Axel Kaehne

Transitions for young people with intellectual disabilities have received much attention from researchers. Little is known, however, about how mental health services link…

Abstract

Transitions for young people with intellectual disabilities have received much attention from researchers. Little is known, however, about how mental health services link with existing transition partnerships and what the potential service gaps are for young people with intellectual disabilities. Eight mental health professionals in three local authorities in Wales were interviewed to sketch potential research themes in this area. Our findings revealed a remarkable lack of engagement of mental health professionals with transition partnerships for young people with intellectual disabilities, and significant service gaps. The insufficient integration of mental health services in transition planning may contribute to disruptive transitions for young people with intellectual disabilities and their carers. Further research should examine how best to involve mental health services in transition partnerships for young people.

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Advances in Mental Health and Intellectual Disabilities, vol. 5 no. 1
Type: Research Article
ISSN: 2044-1282

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Book part
Publication date: 26 November 2019

Christy M. Borders, Marcus Daczewitz and Kristi M. Probst

Transition is an important and ongoing aspect of life that everyone experiences. For students who are deaf/hard of hearing (d/DHH) and their families, transitions related…

Abstract

Transition is an important and ongoing aspect of life that everyone experiences. For students who are deaf/hard of hearing (d/DHH) and their families, transitions related to education can be daunting and, at times, confusing. This chapter will focus on three important educational transitions: early intervention, school age, and adulthood. For each transitional period, recommendations for best practices are made. Additionally, this chapter will discuss the importance of transition planning and supports over time. Overall, communication between service providers, families, and the student is a key element to making these transitions smooth and successful.

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Special Education Transition Services for Students with Disabilities
Type: Book
ISBN: 978-1-83867-977-4

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Book part
Publication date: 26 November 2019

Eugene F. Asola and Samuel R. Hodge

The percentage of North Americans who have one or more physical disabilities continues to rise. Specifically, the percentage of people with ambulatory disabilities…

Abstract

The percentage of North Americans who have one or more physical disabilities continues to rise. Specifically, the percentage of people with ambulatory disabilities, cognitive disabilities, and other health impairments is increasing every year. This phenomenon calls for pragmatic measures to help provide better transition and related services to students with physical disabilities and other health impairments. It is anticipated that well-planned collaborative transition services provided to students with physical disabilities and other health impairments will result in improved quality of life and independent living in the community. In this chapter, we discuss transition and transition-related services, supporting legislation for persons with disabilities, transition from rehabilitation centers and hospitals to job settings and community-based programs.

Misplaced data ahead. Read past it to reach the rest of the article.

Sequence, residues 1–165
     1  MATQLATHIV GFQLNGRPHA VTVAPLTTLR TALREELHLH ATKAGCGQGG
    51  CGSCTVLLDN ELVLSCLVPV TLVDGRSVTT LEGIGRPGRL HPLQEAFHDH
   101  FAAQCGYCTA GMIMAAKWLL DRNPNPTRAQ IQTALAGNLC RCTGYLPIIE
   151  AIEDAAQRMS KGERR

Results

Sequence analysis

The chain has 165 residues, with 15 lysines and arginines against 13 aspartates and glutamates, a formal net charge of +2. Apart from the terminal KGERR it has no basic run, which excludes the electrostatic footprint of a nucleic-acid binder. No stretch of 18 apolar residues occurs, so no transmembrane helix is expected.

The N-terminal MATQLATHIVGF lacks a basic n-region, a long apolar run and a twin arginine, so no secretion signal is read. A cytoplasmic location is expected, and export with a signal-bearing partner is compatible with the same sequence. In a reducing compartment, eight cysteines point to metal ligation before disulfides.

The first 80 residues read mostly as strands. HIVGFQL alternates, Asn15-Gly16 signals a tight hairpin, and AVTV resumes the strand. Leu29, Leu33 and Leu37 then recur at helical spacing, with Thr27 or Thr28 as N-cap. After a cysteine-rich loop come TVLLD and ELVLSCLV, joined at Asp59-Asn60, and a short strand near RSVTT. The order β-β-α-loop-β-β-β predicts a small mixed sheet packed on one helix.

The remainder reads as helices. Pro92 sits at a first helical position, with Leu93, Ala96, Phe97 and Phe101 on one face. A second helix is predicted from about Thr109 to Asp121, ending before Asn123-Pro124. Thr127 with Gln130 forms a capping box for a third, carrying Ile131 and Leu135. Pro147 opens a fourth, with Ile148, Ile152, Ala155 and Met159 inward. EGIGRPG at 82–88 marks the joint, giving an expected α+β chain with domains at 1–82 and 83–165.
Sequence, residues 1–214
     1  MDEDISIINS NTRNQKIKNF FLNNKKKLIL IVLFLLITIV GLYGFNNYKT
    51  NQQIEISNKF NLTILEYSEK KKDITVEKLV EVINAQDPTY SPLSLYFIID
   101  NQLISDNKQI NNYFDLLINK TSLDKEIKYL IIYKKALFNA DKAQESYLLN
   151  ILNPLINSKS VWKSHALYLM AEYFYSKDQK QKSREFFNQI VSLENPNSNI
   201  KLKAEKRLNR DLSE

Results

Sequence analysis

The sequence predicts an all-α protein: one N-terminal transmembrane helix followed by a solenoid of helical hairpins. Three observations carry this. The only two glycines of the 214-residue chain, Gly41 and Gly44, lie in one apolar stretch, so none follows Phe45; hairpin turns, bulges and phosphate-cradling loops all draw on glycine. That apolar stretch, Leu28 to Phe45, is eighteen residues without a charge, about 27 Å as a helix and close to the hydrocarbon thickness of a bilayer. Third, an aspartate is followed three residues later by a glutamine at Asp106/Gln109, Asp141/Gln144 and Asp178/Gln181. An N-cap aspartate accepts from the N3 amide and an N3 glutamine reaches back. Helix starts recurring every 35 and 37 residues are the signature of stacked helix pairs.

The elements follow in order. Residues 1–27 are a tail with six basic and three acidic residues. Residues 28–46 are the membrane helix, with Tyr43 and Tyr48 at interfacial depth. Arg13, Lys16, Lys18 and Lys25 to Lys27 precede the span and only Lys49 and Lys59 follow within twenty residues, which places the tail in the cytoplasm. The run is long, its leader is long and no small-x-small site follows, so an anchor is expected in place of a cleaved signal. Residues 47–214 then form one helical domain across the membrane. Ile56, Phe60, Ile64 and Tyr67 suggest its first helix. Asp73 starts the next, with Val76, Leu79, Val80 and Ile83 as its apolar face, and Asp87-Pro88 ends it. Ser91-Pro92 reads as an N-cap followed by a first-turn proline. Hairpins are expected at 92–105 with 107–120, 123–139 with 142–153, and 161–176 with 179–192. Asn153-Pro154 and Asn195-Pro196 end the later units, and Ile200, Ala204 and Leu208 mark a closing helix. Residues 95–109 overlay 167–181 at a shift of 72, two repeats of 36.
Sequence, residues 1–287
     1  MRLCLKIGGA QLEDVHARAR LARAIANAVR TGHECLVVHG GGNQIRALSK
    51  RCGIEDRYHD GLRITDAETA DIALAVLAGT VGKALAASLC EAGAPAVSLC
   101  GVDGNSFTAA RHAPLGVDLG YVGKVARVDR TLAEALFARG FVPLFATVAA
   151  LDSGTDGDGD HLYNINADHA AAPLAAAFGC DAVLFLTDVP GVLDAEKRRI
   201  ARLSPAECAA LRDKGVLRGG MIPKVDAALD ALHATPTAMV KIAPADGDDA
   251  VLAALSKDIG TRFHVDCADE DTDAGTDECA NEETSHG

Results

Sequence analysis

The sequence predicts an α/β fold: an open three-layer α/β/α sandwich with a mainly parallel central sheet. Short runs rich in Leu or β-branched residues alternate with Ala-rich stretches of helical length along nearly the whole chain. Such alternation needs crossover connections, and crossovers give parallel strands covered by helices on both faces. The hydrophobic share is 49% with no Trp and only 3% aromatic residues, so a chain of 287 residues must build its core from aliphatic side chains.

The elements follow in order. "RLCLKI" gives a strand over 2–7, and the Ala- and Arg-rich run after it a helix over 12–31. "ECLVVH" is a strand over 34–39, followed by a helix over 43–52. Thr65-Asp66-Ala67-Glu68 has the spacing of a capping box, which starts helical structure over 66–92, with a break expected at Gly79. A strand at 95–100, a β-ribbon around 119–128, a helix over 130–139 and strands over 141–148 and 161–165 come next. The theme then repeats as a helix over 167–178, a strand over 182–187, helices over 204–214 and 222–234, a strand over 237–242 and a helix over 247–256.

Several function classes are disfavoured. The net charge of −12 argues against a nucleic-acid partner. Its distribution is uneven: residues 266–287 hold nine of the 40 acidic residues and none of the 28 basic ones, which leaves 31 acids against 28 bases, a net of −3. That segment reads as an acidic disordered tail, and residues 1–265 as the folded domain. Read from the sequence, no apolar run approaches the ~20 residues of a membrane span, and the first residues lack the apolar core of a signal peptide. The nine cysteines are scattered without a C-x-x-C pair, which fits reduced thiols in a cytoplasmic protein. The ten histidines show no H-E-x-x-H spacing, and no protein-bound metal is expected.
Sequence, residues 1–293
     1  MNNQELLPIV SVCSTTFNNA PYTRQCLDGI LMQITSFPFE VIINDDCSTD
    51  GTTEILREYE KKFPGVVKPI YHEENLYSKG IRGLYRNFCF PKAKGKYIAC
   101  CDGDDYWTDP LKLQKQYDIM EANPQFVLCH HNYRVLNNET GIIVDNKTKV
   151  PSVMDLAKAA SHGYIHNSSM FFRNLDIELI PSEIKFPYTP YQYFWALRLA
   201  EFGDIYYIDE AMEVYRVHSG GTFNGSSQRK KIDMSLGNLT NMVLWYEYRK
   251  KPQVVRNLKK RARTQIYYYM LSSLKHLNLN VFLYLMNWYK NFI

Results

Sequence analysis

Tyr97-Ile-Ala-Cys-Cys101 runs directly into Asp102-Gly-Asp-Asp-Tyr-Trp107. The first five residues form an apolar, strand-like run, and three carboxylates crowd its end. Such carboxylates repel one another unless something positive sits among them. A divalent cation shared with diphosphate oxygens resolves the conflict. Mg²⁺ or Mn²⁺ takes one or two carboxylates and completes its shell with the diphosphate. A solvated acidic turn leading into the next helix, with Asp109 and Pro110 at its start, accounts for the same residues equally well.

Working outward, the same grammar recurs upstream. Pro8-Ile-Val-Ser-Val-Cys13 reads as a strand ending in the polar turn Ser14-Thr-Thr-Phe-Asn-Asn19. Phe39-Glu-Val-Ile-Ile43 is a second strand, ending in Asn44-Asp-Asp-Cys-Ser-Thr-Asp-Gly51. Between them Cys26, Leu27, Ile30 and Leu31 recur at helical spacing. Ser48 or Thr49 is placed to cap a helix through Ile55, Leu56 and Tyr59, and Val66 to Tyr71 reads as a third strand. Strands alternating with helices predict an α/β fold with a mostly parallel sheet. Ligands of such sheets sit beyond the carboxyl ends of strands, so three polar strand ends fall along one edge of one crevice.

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Special Education Transition Services for Students with Disabilities
Type: Book
ISBN: 978-1-83867-977-4

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Article
Publication date: 23 July 2020

Maria Iakovina Livanou, Rebecca Lane, Sophie D'Souza and Swaran P. Singh

There is substantial evidence that young people moving from child and adolescent mental health services to adult services are more likely to experience poor transitions

Abstract

Purpose

There is substantial evidence that young people moving from child and adolescent mental health services to adult services are more likely to experience poor transitions. However, little is known about the care pathways of young people transitioning from forensic services. This retrospective case note review sought to examine the clinical characteristics, transition pathways and psychosocial indicators of transition outcomes amongst young people in forensic medium secure services discharged to adult services.

Design/methodology/approach

The electronic records of 32 young people, who transitioned from six adolescent medium secure units in England to adult services between May 2015 and June 2016, were examined.

Findings

Approximately 65% of young people were between 18 and 19 years at the time of transition and the average waiting time from referral to discharge was six months. A total of 63% young people transitioned to community placements and adult medium secure services. Four pathways describing the journey into and out of adolescent medium secure services were identified in a subsample of 12 young people. A total of 25% young people with neurodevelopmental problems moved to specialist services.

Practical implications

The results suggest that diagnosis, severity of offence and clinical background are associated with transition pathway. Promoting a person-centred approach and gradual independence of the young person may improve current practice.

Originality/value

These results inform existing policy and clinical practice in an effort to reform transition guidelines around young people’s needs during transition times. Further studies in adolescent forensic services are needed to understand complex neurodevelopmental problems and comorbidities.

Details

The Journal of Forensic Practice, vol. 22 no. 3
Type: Research Article
ISSN: 2050-8794

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Article
Publication date: 12 March 2018

Juliette van der Kamp

The purpose of this paper is to describe the barriers and facilitators to an effective transition from Child and Adolescent Mental Health Services (CAMHS) to Adult Mental…